From another reader:Kevin, what i don't get about Black Friday. Reports say the brick and mortar stores sales are down at least 10%, with online up 14%. On the surface this sound good, but were talking percentages and not dollars, and were taking the 14% of a much much smaller base. Let's say the retailers have switched customers to online. A channel that is even more competitive than going to a brick and mortar location... If you go to a retailers and say the weather is bad or your tired and their just a percentage or two difference then the cheaper guy, you might just buy it where you at and not hassle going to the other store. Online, you just look at site that tells you who's the cheapest and click and buy. Great for the customer, bigger margin / dollar loss for the retailers. Plus they never trade up if there is an out of stock, they never buy seasonal or impulse items either. It's going to be interesting to stop just looking at sales and percentages and keep an eye on PROFIT.
I think you make a couple of incorrect assumptions.
First of all, I often trade up - or over - when there is an out-of-stock. In fact, I find that Amazon is extraordinary when it comes to suggestive, relevant selling. Better than most, and as good as anybody in any realm or venue.
Second, I think it is in accurate to suggest that every online purchase is dictated by price. Many are, but not every purchase ... often convenience and selection are the determining factors. And I think fairly often, a lack of a compelling reason to go to a bricks-and-mortar store leads folks to shop online.
In the end, though, it doesn't really matter if online is less profitable than bricks-and-mortar (and it doesn't necessarily follow that it is). Clearly, it is what customers want ... and retailers cannot and will not shut off the e-commerce spigot.
MNB reader Jim Swoboda seems to agree with me:As you said, it amazes me that any retail executive could be surprised by more of their shoppers doing it on-line. It’s been coming since at least the advent of Amazon in the late 90’s. Perhaps the inflection point has actually arrived and it will never, ever be as it was. Imagine that.
Maybe the surprised executives can have coffee with the Blockbuster team. I am sure they have nothing else to do.
And, the drone debate continues....
Yesterday, one MNB user email read, in part:“This is absolutely hysterical … Drones are stupid at best...and will be used for spying at least!”
Which prompted another MNB user to write:When I read this response, I pictured someone in the early 20th century commenting about how the loud, obnoxious, dangerous, horse-less carriages would never catch on and posed a huge danger to society.
I’m with you. Drones are coming. If you hear of any up-and-coming companies specializing in home, roof-top, drone landing pads and dumbwaiters to complete the delivery to your table, let us know. I want to invest!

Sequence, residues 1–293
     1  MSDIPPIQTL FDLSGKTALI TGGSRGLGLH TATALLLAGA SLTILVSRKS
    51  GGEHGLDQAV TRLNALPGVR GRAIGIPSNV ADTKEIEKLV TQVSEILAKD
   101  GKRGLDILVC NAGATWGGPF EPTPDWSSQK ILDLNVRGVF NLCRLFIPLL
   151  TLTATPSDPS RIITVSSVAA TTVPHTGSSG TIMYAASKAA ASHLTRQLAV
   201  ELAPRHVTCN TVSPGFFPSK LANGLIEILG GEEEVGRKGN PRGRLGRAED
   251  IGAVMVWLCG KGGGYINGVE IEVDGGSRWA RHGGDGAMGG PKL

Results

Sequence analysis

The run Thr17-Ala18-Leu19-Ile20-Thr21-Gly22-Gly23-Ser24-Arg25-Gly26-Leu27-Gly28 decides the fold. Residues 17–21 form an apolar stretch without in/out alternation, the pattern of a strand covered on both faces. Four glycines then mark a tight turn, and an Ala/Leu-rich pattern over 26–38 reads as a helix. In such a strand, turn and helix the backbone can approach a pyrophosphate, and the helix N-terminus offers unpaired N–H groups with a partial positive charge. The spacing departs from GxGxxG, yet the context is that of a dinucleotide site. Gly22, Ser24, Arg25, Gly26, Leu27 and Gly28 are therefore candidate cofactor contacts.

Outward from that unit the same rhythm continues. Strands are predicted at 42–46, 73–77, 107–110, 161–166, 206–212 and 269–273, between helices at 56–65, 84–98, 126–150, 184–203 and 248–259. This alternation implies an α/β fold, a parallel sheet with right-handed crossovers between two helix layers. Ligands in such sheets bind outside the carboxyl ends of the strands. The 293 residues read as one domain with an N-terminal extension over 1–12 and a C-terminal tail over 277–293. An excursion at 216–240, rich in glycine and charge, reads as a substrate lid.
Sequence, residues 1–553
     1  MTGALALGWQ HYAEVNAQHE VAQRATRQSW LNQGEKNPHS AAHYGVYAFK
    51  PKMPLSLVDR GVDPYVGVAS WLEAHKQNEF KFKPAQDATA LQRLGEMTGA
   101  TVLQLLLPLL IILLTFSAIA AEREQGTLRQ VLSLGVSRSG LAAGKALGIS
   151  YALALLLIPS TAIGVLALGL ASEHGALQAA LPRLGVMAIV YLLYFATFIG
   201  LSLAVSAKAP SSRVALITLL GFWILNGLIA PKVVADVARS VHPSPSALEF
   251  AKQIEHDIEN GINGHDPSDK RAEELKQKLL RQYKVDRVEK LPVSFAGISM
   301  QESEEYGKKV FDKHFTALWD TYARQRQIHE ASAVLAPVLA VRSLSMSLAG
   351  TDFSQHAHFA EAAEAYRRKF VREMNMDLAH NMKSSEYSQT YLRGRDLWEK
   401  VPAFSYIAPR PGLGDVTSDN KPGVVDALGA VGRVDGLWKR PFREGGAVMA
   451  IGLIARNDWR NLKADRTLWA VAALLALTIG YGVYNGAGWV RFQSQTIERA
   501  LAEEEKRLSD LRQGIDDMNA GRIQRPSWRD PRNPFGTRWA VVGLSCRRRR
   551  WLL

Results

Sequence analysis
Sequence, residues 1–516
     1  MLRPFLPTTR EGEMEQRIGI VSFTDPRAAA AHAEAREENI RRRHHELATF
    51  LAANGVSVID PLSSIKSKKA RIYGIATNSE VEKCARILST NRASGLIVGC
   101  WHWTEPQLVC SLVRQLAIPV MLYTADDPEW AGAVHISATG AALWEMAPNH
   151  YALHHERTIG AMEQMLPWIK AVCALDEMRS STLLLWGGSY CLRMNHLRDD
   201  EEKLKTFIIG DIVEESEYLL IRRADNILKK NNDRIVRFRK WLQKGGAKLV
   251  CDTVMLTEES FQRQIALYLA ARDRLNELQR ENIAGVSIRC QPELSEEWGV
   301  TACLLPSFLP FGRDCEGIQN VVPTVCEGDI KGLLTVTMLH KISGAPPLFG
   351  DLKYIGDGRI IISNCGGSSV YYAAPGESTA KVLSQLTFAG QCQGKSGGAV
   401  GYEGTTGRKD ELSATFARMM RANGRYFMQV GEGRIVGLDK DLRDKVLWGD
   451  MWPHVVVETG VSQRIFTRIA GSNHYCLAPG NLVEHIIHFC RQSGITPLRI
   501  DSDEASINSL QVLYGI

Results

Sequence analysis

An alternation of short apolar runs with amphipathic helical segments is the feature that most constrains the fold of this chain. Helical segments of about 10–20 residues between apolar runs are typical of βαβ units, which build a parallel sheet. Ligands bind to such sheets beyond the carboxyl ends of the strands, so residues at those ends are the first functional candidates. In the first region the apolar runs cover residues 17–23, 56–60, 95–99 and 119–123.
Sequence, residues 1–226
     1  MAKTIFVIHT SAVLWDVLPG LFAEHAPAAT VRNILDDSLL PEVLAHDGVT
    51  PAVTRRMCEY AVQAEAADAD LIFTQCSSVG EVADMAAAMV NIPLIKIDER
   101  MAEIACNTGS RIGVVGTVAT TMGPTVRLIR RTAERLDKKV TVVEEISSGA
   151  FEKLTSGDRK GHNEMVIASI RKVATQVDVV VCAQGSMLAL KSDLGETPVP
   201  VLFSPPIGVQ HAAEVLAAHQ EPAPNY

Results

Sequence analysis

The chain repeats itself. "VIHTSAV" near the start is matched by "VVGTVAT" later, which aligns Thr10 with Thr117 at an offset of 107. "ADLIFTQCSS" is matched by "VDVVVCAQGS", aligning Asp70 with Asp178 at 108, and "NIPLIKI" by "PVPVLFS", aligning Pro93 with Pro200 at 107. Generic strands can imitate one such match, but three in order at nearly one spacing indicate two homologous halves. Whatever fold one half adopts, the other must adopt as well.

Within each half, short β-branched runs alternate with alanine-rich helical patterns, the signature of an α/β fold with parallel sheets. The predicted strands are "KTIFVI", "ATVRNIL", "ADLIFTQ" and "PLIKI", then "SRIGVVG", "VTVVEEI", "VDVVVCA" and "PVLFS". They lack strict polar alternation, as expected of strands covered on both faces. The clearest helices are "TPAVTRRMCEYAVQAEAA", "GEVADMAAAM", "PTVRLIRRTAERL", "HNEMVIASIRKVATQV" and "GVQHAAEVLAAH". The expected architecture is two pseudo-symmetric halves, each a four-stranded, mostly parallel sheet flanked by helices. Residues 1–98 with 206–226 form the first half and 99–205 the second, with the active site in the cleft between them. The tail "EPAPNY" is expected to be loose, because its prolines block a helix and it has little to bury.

But another MNB user disagreed:I just don't ever see this working. Personally, if I see a drone hovering over my property, I will assume it is either equipped with a weapon or cameras, and I will shoot it down with my 20 gauge. (Perhaps I've watched too much TV.) I still feel these things are an invasion of privacy. I'll be watching how this progresses closely, especially with stories of children losing eyes, thoroughbred horses dying from being spooked, etc. There are just too many things to go wrong.
Maybe it is just me, but I'm more frightened of you and your 20-gauge than I am of Amazon using drones to deliver products.
And, from another reader:Drone delivery is a very bad idea and hard to deny it will take away thousands of blue-collar and middle class jobs. I suppose until one of these drones cause someone to actually die (apparently the boy losing an eye wasn’t enough) this “enabling” service will continue to gain momentum.
First of all, that kid did not lose an eye because of a commercial delivery drone. It was somebody screwing around with a drone on his own ... it is the same sort of scenario as when people shoot off fireworks in their backyards and people end up losing fingers. Stupid people do stupid stuff ... but that's not a good reason to inhibit progress and not adapt new technologies.
With all due respect ... your argument about how how drones will cause the loss of jobs strikes me as specious at best.
Technology and progress can, of course, lead to the elimination of jobs, businesses, and careers. Smart cultures, intelligent societies, and savvy people understand that, and adapt. They are defined by their ability to develop new skills, invent new jobs, identify new opportunities, and make the most of the moment, not the least. They embrace the opportunity, rather than bemoaning the loss of the good old days.
Drones will continue to gain momentum because that is the very definition of progress.
There is, of course, a movie reference - Other People's Money
, which posed the question, does it make sense to make the best buggy whip for a world where nobody needs buggy whips?